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US expands immigration program for Haitian migrants, citing humanitarian crisis

washington – The US government on Monday expanded a program that allows some Haitian immigrants to live and work in the country without fear of deportation, citing a worsening humanitarian crisis in the impoverished Caribbean nation, which has been besieged by a Is outbreak of violence in recent months.

The US Department of Homeland Security (DHS) said it would allow tens of thousands of additional Haitians to apply for Temporary Protected Status (TPS) by extending the program’s cut-off date. Previously, only Haitians who arrived in the US before July 29, 2021 were eligible for TPS, but the new designation will allow those living in the country until November 6 this year to apply for the program.

DHS also announced Monday that the US will extend the Haiti TPS program expiration date from February 4, 2023, to August 3, 2024. are not eligible for the program and may face deportation.

Created by Congress as part of the Immigration Act of 1990, TPS is a designation given by federal officials to provide deportation protection and work permits to immigrants from countries experiencing armed conflict, environmental disasters, and other humanitarian emergencies . The program does not confer permanent legal status.

The poorest country in the Western Hemisphere, Haiti has long been plagued by poverty, political turmoil, mass violence and devastating natural disasters, including a 2010 earthquake that killed thousands.

But Haiti’s already dire situation has worsened over the past year amid intensifying warfare between violent gangs and the government’s struggle to maintain some semblance of order after another. Assassination of President Jovenel Moise In 2021. In October, the country’s prime minister asked the international community to send “special armed forces” to quell the chaos.

In a statement on Monday, the DHS said it ended the TPS program for Haitians because of food, water and fuel shortages in the country amid a “prolonged political crisis” and mass violence there, as well as a rise in cholera cases. be extended. ,

“The conditions in Haiti, which include socioeconomic challenges, political instability, and mass violence and crime – exacerbated by an environmental disaster – warrant the humanitarian relief we are providing today,” Homeland Security Secretary Alejandro Mayorkas said in a statement. forced.”

According to DHS data, there are currently 101,000 Haitians in the US enrolled in the TPS program. The government is also reviewing Haiti’s 53,000 pending TPS applications. The program’s new cut-off date is expected to make 110,000 Haitians eligible for TPS, DHS data show.

The Biden administration made its first TPS designation for Haitians in the spring of 2021, saying it was too dangerous to return the migrants to Haiti because of security concerns, human rights abuses and the country’s dire economic situation.

Democratic lawmakers have been pushing the Biden administration to expand the TPS program for Haitians, saying the move would not only serve a humanitarian purpose, but would also be beneficial to the economy.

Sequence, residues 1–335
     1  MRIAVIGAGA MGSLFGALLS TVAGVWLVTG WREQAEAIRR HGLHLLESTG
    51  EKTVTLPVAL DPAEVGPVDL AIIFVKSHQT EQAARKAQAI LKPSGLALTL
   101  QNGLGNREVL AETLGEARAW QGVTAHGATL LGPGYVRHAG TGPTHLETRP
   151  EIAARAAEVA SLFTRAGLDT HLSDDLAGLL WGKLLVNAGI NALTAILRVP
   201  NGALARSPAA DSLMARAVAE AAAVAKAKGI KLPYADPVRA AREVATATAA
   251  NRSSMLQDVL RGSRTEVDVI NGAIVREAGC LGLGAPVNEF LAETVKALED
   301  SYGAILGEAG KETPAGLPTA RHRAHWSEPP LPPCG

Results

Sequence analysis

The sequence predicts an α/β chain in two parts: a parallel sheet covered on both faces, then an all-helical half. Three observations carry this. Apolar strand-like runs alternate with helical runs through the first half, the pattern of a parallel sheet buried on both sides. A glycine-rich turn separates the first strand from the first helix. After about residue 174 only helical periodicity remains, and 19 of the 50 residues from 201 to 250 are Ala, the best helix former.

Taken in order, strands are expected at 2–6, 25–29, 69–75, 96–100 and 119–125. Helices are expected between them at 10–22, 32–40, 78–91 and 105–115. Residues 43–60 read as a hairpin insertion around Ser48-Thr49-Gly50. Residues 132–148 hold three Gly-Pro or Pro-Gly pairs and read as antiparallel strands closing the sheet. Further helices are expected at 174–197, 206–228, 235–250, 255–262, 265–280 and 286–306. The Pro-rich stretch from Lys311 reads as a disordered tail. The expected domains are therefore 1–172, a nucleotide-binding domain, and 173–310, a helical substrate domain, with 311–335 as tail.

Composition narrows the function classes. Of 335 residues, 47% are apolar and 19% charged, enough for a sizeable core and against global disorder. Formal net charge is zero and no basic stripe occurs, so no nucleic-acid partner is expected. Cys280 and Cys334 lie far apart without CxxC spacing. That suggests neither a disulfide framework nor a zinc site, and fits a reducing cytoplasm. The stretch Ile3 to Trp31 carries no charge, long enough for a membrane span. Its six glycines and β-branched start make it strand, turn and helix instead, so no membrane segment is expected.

“At a time when we have labor shortages and high inflation, they are on the front lines providing essential services to our country. In addition, redesignating Haiti to TPS will allow more Haitian citizens into the US workforce. contribute their skills and talents,” more than 17 House Democrats wrote a letter to Mayorkas last week.

The Biden administration’s treatment of Haitian immigrants has previously drawn criticism from progressives. In the fall of 2021, the sudden arrival of thousands of Haitians in the small Texas community of Del Rio caught US border officials unprepared, leading to the construction of a temporary migrant camp under a bridge.

News footage showing mounted border agents aggressively courting Haitian immigrants – with some of the agents seen swinging the reins of the division, a type of rope used by horsemen – sparked a massive uproar. A government investigation later found that the agents used “unnecessary” force when they dispersed Haitian migrants who were demanding food be delivered to their families. But the investigation found no evidence that the mounted agents had hit anyone with their reins.

After the events in del Rio, the US launched a deportation blitz towards Haiti, expelling thousands of Haitians. Since the beginning of this year, most Haitians arriving at the US border have been admitted at legal ports of entry, where the Biden administration is making humanitarian exceptions to Title 42, a public health order that allows the US to expel certain migrants. allows. , federal data show.

Under President Biden, America has created TPS programs for an unprecedented number of immigrants and countries. Some citizens of 16 countries are currently eligible for TPS, including immigrants from Afghanistan, Cameroon, Ethiopia, Myanmar, Ukraine and Venezuela, all of whom were made eligible for the program under Mr. Biden.

The Biden administration’s TPS policy is a stark departure from the Trump administration, which attempted to eliminate the designations for several countries; However its efforts were blocked in federal court. The Trump administration argued that TPS authority had been abused and improperly extended despite changing country conditions.

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